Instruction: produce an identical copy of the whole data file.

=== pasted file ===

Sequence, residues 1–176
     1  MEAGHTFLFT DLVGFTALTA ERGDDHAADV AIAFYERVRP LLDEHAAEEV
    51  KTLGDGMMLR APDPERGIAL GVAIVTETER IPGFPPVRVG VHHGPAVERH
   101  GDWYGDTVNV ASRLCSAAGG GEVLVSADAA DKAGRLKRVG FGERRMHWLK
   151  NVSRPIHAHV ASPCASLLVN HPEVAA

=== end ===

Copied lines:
Sequence, residues 1–176
     1  MEAGHTFLFT DLVGFTALTA ERGDDHAADV AIAFYERVRP LLDEHAAEEV
    51  KTLGDGMMLR APDPERGIAL GVAIVTETER IPGFPPVRVG VHHGPAVERH
   101  GDWYGDTVNV ASRLCSAAGG GEVLVSADAA DKAGRLKRVG FGERRMHWLK
   151  NVSRPIHAHV ASPCASLLVN HPEVAA